BY Grace Carollo
Currently, the agriculture industry in the United States presents a wicked sustainability problem both environmental and socially. The combination of increased population, increased demand of/addiction to dairy/meat/processed foods, and government policies connected with big agricultural companies worsens our impact on the environment while ignoring the needs of the poor. The United States runs off both a national and international food system, where the developed nations largely depend on intensive farming (monocropping) crops (corn, soy, rice, wheat) and factory faming livestock, which mostly occurs overseas, to supply the majority of our diets.
BY Eliza Merritt
Coffee is one of the most consumed beverages globally, with a billion-dollar industry and a commodity depended upon by people worldwide. Coffee is the second-most sought after commodity in the world after crude oil, and its popularity and consumption continue to expand.
The consumption of coffee is most prominent in more-developed countries, while most coffee production occurs in less-developed nations of the Global South. This distance between consumption and production makes for a disconnect between those who consume coffee and who and where produces the product. As water becomes more scarce, soils change, and climate change becomes a more and more pressing issue, coffee producers are feeling pressure to transition to more sustainable methods of production. Already the coffee industry is beginning to suffer due to a decline in suitable environments for coffee cultivation because of rising global temperatures. Exploring the challenges, techniques and goals of sustainable coffee cultivation is the first step in moving towards a coffee industry with lighter environmental impacts.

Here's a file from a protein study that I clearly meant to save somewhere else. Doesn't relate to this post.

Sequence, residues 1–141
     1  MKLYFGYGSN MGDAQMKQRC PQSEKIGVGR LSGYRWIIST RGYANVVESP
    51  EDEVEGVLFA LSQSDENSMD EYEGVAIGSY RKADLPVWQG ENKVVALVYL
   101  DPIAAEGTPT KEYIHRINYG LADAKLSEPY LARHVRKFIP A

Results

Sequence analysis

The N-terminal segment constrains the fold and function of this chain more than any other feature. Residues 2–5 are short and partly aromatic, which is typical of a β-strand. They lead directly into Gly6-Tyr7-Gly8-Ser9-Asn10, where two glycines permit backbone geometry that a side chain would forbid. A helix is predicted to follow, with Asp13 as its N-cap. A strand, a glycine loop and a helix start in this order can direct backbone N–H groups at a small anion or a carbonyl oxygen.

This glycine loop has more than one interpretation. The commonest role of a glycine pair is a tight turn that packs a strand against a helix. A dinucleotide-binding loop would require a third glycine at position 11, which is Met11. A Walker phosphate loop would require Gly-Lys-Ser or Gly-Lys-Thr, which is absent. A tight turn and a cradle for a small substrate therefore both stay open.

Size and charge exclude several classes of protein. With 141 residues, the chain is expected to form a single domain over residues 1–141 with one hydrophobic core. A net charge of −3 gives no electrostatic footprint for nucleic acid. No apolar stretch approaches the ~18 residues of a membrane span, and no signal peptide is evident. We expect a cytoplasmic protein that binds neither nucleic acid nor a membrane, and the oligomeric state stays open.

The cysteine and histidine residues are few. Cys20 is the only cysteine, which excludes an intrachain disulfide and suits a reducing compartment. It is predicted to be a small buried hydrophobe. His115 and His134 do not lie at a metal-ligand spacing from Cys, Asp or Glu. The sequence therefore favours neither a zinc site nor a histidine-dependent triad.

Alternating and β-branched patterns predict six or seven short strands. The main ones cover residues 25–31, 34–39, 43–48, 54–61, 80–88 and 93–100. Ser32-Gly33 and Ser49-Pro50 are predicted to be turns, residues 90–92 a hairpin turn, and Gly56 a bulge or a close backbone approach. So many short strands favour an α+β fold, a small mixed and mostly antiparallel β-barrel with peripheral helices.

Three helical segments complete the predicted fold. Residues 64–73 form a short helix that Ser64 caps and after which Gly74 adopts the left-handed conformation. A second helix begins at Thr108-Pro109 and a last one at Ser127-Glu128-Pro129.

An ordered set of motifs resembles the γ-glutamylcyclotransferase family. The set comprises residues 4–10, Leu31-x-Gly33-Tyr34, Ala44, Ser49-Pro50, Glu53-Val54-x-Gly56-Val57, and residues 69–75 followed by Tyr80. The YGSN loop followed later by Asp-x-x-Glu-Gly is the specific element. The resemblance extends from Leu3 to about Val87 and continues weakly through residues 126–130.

BY Jack Klein
By 2050, production of 60% more food than we produce today will be required to support Earth's population, which is going to be an estimated 9.7 billion people. The traditional method of farming (that of harvesting crops in extensive outdoor plots of land) is a main contributor of greenhouse gas emissions, water use, and water quality degradation from nutrient runoff and soil loss. After 2030, climate change’s most important impact will come from the increased frequency and intensity of extreme weather events such as droughts and floods, causing serious negative effects on traditional agriculture.
If by 2050 we have to greatly increase global food production to meet the basic needs of our growing population but the traditional method of food production has proven to be detrimental to our environment, accelerating climate change which in return is expected to gravely affect its resiliency, one question arises: are there any methods of food production that can protect from the increasingly vagarious environment, help meet future global food production goals, all while having a neutral or positive impact on the environment?
One possible solution is the relatively new idea of vertical farming, or building farms up in climate-controlled buildings rather than out on environmentally susceptible land.
Students in Jess' ENV 151 Introduction to Sustainability write blog posts on a sustainability-related topic of their choice.